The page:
Wednesday, 28 July 2010

Cloud Computing: An IT or Educational decision?

As many institutions move towards the adoption of cloud based computing, one sees a great deal about the need to manage various types of risk. For example, in a recent article from Educause they identified a number of institutional risks:
  • 'Operational risk — service or business failures
  • Financial risk — surprise support or integration costs
  • Compliance risk — failure leads to liability costs and reputation damage'
 From the perspective of the individual user, staff and students they noted that for the 'User view' one needed to consider:
  • 'Reliability, privacy, security — similar to operational risk
  • Utility — functionality
  • Simplicity — which requires interoperability'.
Now I have quoted directly from the article because it highlights what seems to be a gap in the thinking/ planning process. Educational issues seemed to be lumped under utility which is loosely considered to be issues of collaboration and communication (email to alumni for example). It is only much later in the process that educational issues start to get addressed more seriously. For example, how the various cloud services integrate with the manner in which staff and students use the various technological tools for teaching, learning and engagement. Many of the articles I have been looking at seem to take a very technological approach and while that is important, surely the ultimate users (staff and students) need to be a part of the process very early on. I would be interested in hearing from anyone that has already been down this path and is willing to share their experiences, from an educational perspective.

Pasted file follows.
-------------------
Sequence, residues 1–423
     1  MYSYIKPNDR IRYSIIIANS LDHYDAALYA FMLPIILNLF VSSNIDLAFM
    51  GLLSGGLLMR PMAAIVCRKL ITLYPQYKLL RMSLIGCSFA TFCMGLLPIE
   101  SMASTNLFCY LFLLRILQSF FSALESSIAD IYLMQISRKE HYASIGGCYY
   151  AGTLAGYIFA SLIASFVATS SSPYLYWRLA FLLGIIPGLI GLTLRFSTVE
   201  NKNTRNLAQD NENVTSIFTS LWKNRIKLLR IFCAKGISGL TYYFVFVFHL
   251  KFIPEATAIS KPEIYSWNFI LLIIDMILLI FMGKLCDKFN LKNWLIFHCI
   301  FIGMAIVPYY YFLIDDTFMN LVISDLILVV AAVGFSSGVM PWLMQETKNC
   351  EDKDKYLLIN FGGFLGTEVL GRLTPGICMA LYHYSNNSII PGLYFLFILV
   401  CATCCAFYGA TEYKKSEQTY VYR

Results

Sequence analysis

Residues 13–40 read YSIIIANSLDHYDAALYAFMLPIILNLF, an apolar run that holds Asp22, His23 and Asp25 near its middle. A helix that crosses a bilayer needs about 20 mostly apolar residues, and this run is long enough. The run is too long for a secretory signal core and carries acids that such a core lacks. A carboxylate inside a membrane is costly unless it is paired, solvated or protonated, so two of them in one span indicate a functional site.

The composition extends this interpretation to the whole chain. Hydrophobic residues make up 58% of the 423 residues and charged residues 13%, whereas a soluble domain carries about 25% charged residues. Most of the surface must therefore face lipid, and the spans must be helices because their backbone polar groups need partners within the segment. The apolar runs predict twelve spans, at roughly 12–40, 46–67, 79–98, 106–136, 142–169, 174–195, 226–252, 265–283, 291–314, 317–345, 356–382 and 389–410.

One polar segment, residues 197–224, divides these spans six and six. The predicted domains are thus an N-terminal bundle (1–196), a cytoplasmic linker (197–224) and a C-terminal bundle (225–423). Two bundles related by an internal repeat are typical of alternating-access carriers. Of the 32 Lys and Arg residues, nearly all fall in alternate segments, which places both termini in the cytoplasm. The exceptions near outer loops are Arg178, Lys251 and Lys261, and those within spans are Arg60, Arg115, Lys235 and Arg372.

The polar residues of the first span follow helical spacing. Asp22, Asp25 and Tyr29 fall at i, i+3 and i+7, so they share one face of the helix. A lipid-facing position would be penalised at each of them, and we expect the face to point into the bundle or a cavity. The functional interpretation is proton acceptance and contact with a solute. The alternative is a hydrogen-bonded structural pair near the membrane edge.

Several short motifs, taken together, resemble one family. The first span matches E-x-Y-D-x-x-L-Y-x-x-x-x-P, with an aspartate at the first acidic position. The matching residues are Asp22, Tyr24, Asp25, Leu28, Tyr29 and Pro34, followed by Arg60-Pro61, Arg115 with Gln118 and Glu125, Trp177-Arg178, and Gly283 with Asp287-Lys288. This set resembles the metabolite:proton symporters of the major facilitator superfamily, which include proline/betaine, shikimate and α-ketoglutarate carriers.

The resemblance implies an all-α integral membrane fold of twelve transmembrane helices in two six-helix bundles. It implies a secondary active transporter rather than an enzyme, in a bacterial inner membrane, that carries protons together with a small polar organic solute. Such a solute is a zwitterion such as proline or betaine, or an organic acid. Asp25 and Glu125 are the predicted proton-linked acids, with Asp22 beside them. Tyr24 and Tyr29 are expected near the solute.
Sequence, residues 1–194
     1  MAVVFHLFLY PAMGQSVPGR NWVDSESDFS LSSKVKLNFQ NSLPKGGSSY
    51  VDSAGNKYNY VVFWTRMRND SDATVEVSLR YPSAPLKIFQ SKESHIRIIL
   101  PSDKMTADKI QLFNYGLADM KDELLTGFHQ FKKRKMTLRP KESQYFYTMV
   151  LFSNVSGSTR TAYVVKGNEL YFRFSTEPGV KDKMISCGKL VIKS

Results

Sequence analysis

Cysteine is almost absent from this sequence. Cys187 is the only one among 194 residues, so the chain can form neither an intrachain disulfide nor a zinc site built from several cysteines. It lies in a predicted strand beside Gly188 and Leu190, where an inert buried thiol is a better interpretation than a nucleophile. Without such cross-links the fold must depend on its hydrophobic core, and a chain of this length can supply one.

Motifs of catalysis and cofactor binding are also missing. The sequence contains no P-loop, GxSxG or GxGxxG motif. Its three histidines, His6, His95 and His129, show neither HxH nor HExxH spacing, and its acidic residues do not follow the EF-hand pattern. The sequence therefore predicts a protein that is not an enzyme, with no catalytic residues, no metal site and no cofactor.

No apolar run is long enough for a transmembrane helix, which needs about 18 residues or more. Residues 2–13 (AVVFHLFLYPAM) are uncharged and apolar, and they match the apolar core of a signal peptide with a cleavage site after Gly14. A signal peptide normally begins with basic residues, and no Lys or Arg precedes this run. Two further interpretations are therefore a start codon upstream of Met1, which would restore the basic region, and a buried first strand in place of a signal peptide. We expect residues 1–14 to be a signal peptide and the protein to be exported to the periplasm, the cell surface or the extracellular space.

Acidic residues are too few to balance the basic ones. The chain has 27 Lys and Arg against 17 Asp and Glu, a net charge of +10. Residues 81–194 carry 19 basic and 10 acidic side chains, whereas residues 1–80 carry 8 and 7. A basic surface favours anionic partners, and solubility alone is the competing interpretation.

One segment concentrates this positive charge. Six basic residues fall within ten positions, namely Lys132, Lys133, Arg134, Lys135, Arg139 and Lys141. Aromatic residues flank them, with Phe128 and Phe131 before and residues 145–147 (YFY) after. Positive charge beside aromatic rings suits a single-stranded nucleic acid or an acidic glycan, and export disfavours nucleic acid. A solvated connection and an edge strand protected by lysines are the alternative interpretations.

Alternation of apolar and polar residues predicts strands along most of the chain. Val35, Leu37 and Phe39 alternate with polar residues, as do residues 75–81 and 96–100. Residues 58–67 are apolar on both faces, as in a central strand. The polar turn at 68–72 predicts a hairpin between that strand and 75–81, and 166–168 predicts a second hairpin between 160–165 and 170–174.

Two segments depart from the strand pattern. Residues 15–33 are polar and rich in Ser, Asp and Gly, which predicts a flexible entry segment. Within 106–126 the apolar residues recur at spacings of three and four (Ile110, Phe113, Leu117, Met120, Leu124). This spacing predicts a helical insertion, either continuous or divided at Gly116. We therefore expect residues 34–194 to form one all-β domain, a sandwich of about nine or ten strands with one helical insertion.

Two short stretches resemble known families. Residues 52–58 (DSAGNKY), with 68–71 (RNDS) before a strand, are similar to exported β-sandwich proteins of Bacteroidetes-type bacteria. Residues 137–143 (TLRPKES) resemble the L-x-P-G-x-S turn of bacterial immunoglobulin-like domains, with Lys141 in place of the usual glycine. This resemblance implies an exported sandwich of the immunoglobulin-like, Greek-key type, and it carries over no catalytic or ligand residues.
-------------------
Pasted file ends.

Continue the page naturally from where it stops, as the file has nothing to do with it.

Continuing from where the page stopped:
In closing this post, we have all seen the discussions about what is wrong with the iPad, no USB, the need to sync with another computer, and no really familiar file storage system (e.g., see HERE). However, cloud computing and iPads seem to be a near perfect match, the cloud being where all of the collaborative services are available for sharing, communication, file storage, and interaction. Now all we need are really fast wireless services freely available on campus and in the city - as we have here in Hong Kong.

Tuesday, 13 July 2010

ICEL 2010

ICEL 2010 is an international conference that is being held (for the first time) in Penang, Malaysia with attendees from 19 countries. What is clear is the extensive interest from developing countries in the use of mobile learning. I was very interested in the presentation by the second Key Note speaker, Laura Czerniewicz, from the Centre for Educational Technology (CET) University of Cape Town, South Africa who presented on The digital native in a new era- apartheid or democracy? Her presentation may be found HERE.

One of the things that was very interesting was the finding that the development of computer literacies is virtually the reverse of the western world: with the more impoverished students coming from mobile phones, often relatively low level technology (the so called vanilla mobile phone), to the desktop or notebook computers. The demographics and data also challenge the statements from the likes of Tapscott and Prenski, in particular. The South African data indicates that it is experience with computers rather than age per sec that is the determining factor in the concept of a digital native. She also introduced the term the 'digital elite', describing those people how have had extensive access to technology and have become very confident in the use of these technologies. There didn't seem to be a correlation with age, unlike the statements of the two authors mentioned above. 

I find that this mirrors my experiences in Hong Kong. Students from the mainland come to Hong Kong with very little experience in the use of computers, and the assumption that because of their age they should be computer experts. However, they are not, reinforcing the findings that the individuals described as 'digital natives' by Prenski are in fact extremely diverse, and in higher education we need to be cognizant of  this information and address these particular student needs.  

All in all, an interesting conference with a diversity of views from developed and developing countries. ICEL 2011 will be held in Kelowna, Canada.